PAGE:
The advanced types of Raman spectroscopy include surface-enhanced Raman, resonance Raman, tip-enhanced Raman, polarized Raman, stimulated Raman (analogous to stimulated emission), transmission Raman, spatially offset Raman, and hyper Raman.


A spaser or plasmonic laser is a type of laser which aims to confine light at a subwavelength scale far below Rayleigh's diffraction limit of light, by storing some of the light energy in electron oscillations called surface plasmon polaritons. The phenomenon was first described by Bergman and Stockman in 2003. The word spaser is an acronym for "surface plasmon amplification by stimulated emission of radiation". The first such devices were announced in 2009 by three groups: a 44-nanometer-diameter nanoparticle with a gold core surrounded by a dyed silica gain medium created by researchers from Purdue, Norfolk State and Cornell universities, a nanowire on a silver screen by a Berkeley group, and a semiconductor layer of 90 nm surrounded by silver pumped electrically by groups at Technical University of Eindhoven and at Arizona State University. While the Purdue-Norfolk State-Cornell team demonstrated the confined plasmonic mode, the Berkeley team and the Eindhoven-Arizona State team demonstrated lasing in the so-called plasmonic gap mode.

The spaser is a proposed nanoscale source of optical fields that is being investigated in a number of leading laboratories around the world. Spasers could find a wide range of applications, including nanoscale lithography, fabrication of ultra-fast photonic nano circuits, single-molecule biochemical sensing, and microscopy.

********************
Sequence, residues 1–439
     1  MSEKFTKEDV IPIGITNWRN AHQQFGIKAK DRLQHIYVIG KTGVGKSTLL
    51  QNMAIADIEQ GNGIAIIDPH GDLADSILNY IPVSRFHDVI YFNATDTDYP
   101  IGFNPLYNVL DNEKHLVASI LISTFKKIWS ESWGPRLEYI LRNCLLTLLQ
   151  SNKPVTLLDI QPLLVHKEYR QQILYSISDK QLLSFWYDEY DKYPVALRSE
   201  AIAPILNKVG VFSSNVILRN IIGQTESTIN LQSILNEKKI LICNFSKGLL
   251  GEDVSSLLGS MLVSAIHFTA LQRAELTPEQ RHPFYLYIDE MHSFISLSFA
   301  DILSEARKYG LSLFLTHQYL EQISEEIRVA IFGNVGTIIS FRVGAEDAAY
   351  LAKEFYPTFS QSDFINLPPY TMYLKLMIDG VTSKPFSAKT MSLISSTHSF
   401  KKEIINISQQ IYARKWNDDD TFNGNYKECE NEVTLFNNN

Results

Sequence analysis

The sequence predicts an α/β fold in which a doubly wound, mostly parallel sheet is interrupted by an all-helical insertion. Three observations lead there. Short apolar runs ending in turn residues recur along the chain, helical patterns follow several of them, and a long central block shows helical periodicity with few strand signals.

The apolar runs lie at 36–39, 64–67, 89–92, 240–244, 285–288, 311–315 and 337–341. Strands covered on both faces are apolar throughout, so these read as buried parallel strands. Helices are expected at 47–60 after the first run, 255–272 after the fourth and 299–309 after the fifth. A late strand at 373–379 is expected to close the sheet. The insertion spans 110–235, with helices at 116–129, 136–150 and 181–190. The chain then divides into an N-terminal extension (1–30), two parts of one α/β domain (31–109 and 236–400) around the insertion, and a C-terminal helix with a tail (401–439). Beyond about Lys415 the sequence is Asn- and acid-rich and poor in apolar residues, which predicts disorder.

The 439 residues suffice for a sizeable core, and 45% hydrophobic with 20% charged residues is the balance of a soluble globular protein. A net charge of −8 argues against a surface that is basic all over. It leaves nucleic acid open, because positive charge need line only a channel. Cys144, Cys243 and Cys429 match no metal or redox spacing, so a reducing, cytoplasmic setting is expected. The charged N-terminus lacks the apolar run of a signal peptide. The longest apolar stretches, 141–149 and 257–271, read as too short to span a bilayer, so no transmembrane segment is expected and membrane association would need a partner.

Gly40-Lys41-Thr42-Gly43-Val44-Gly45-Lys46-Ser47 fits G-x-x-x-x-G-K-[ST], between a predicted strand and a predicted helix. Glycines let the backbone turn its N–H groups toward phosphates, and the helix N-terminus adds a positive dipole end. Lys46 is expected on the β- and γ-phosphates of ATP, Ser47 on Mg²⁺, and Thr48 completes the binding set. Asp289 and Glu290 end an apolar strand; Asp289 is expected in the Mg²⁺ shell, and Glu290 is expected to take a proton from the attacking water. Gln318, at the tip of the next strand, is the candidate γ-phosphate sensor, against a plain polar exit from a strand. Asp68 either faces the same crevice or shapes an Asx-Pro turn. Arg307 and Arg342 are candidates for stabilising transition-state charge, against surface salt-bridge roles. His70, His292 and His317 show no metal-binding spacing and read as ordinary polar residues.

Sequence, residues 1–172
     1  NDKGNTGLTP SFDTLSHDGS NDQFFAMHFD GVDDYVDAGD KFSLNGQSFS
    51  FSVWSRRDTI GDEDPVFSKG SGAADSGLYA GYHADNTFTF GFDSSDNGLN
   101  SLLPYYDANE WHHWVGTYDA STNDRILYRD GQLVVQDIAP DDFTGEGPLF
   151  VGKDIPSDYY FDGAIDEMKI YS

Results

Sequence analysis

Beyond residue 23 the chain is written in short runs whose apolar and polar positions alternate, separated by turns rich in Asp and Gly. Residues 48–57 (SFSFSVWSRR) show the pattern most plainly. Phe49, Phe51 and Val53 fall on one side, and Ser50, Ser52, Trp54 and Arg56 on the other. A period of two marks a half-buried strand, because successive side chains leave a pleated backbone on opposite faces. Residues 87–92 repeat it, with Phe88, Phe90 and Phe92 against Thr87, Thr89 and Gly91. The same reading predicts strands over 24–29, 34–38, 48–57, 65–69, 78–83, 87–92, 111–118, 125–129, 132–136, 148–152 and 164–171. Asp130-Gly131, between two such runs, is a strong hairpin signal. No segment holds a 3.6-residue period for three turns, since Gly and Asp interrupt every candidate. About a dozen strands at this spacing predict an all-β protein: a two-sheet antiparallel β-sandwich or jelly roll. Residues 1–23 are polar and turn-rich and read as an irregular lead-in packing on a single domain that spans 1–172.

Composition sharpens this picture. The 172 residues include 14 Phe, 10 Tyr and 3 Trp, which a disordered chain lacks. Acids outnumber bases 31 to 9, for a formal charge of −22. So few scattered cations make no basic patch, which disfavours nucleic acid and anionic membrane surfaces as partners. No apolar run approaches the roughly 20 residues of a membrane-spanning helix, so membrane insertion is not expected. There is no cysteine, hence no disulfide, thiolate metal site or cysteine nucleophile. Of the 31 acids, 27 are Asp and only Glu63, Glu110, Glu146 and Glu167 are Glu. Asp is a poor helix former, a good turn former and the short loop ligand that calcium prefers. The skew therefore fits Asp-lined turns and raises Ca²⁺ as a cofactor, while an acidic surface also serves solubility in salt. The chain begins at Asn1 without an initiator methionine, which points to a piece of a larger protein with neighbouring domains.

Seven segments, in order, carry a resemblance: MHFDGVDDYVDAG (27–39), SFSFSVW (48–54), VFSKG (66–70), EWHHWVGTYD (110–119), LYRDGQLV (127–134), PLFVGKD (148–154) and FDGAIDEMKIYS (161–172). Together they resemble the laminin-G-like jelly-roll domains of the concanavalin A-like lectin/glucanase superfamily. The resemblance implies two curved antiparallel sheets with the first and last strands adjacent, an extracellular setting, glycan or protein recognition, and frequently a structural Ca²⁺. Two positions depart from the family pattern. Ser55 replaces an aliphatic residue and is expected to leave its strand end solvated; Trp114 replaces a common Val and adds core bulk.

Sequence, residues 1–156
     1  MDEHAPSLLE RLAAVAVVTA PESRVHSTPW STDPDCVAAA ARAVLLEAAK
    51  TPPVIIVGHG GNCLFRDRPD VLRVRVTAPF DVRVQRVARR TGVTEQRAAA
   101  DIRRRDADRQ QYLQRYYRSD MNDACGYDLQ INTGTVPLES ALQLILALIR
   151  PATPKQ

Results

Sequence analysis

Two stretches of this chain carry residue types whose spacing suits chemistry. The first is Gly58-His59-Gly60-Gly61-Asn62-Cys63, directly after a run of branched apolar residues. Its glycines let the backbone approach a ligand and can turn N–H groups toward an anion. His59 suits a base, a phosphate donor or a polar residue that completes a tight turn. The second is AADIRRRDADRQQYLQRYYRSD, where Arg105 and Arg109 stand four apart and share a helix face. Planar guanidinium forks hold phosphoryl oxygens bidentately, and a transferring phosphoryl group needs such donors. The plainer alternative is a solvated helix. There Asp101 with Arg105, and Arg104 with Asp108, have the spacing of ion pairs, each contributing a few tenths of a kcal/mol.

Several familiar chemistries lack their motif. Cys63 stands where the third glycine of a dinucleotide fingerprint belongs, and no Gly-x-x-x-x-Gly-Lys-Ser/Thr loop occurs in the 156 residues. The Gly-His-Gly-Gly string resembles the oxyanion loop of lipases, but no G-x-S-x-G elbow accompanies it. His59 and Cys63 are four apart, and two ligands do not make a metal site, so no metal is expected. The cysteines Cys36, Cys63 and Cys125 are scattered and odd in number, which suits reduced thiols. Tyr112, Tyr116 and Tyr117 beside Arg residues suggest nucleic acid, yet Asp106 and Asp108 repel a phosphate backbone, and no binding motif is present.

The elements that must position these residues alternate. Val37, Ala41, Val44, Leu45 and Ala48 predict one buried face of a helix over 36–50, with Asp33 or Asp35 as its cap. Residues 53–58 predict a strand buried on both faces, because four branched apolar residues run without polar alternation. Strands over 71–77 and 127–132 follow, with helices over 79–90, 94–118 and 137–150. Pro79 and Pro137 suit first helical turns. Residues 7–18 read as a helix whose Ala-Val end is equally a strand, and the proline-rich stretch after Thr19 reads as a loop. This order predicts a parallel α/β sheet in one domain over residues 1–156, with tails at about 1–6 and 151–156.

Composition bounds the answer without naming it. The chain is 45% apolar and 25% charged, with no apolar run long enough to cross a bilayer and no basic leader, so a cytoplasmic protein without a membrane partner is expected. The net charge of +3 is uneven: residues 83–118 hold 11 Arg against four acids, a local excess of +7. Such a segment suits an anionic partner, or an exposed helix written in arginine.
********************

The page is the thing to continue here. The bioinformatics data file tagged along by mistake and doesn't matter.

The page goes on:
From Nature Photonics:

A spaser is the nanoplasmonic counterpart of a laser, but it (ideally) does not emit photons. It is analogous to the conventional laser, but in a spaser photons are replaced by surface plasmons and the resonant cavity is replaced by a nanoparticle, which supports the plasmonic modes. Similarly to a laser, the energy source for the spasing mechanism is an active (gain) medium that is excited externally. This excitation field may be optical and unrelated to the spaser’s operating frequency; for instance, a spaser can operate in the near-infrared but the excitation of the gain medium can be achieved using an ultraviolet pulse.

The reason that surface plasmons in a spaser can work analogously to photons in a laser is that their relevant physical properties are the same. First, surface plasmons are bosons: they are vector excitations and have spin 1, just as photons do. Second, surface plasmons are electrically neutral excitations. And third, surface plasmons are the most collective material oscillations known in nature, which implies they are the most harmonic (that is, they interact very weakly with one another). As such, surface plasmons can undergo stimulated emission, accumulating in a single mode in large numbers, which is the physical foundation of both the laser and the spaser.

Study of the quantum mechanical model of the spaser suggests that it should be possible to manufacture a spasing device analogous in function to the MOSFET transistor, but this has not yet been experimentally verified.

Surface-enhanced Raman spectroscopy

Surface-enhanced Raman spectroscopy or surface-enhanced Raman scattering (SERS) is a surface-sensitive technique that enhances Raman scattering by molecules adsorbed on rough metal surfaces or by nanostructures such as plasmonic-magnetic silica nanotubes. The enhancement factor can be as much as 1010 to 1011, which means the technique may detect single molecules.

Surface plasmon